Peter Redfield

The Institute for Advanced Study came into being at the most inauspicious of times. Founded in the early years of the Great Depression, it took shape during the buildup to the Second World War and under the growing shadow of authoritarian regimes. Its first Director Abraham Flexner published his manifesto on the “The Usefulness of Useless Knowledge” in October 1939, barely a month after the outbreak of hostilities in Europe. Surely this was a daunting moment to defend “the fearless and irresponsible thinker” and advocate for the free expression of knowledge and curiosity.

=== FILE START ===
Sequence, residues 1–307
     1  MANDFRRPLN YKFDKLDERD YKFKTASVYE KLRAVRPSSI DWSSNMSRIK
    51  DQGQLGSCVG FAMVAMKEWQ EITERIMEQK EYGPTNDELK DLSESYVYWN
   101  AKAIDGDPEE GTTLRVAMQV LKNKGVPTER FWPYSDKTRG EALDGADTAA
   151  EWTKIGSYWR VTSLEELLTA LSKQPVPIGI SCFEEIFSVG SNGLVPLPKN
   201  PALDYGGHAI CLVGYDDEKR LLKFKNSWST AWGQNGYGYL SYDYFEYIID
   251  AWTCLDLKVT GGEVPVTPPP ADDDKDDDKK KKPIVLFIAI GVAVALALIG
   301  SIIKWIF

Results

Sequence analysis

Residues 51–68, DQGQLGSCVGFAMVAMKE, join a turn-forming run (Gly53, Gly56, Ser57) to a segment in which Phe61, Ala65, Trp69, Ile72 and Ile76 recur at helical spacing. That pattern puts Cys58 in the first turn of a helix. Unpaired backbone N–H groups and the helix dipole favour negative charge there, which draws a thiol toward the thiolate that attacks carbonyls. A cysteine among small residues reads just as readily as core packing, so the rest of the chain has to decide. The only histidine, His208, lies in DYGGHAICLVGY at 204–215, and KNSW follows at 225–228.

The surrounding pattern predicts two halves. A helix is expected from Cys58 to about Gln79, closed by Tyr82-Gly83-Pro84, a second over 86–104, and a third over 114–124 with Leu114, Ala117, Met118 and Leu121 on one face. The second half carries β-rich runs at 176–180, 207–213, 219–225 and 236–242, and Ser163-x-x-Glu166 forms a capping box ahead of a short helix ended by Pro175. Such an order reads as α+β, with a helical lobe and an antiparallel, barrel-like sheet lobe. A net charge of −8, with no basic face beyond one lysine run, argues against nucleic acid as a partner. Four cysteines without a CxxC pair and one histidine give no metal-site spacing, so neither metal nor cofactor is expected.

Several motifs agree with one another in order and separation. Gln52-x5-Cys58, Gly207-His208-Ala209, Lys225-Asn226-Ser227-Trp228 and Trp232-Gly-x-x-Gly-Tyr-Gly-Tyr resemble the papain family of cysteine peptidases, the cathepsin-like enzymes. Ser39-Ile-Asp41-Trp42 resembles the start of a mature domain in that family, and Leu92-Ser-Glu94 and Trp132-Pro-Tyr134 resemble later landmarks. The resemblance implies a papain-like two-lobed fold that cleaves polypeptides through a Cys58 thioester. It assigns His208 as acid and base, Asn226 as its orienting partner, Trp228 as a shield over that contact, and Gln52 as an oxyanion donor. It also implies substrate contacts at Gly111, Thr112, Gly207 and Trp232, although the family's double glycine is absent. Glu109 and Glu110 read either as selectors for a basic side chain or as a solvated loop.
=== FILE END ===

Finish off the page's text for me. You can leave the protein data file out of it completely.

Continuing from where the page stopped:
In November 1954, Albert Einstein wrote a letter to a magazine in which he declared that, were he a young man again, he would not try to become a scientist: “I would rather choose to be a plumber or a peddler in...

To Albert Einstein, she was “the most significant creative mathematical genius thus far produced since the higher education of women began.” More straightforward in his praise, Einstein’s fellow Professor at the...